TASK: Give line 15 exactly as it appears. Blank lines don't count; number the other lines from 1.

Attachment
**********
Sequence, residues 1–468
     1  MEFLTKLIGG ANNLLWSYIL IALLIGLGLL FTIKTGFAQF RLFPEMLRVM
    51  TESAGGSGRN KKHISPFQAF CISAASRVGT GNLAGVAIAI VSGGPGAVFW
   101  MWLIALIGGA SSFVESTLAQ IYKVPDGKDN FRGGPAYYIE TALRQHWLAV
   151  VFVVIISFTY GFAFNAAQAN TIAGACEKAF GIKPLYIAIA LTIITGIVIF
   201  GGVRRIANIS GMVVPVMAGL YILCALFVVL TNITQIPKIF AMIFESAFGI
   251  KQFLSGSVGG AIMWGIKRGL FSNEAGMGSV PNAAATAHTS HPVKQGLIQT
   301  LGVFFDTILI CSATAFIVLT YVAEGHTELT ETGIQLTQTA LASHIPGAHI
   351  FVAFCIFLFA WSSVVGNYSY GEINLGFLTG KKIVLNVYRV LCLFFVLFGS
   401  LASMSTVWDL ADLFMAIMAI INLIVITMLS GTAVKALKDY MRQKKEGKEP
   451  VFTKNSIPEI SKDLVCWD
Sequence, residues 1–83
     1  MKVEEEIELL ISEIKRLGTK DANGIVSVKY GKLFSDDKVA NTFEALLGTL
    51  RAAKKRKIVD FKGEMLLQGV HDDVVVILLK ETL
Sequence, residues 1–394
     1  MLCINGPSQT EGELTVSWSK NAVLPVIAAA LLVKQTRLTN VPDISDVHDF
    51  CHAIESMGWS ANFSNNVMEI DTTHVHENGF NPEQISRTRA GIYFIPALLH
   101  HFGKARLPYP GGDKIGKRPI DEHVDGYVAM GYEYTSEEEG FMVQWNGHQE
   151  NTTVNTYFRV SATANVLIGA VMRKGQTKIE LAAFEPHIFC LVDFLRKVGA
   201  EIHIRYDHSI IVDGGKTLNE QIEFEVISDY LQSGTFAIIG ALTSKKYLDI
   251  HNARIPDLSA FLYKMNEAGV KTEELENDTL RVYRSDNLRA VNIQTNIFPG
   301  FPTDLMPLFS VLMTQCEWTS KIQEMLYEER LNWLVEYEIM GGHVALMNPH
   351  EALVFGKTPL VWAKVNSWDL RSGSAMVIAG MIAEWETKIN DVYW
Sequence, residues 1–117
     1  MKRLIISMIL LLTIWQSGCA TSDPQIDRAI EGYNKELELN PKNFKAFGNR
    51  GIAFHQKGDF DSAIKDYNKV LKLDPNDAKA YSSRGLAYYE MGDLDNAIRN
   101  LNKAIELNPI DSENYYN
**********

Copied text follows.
Sequence, residues 1–394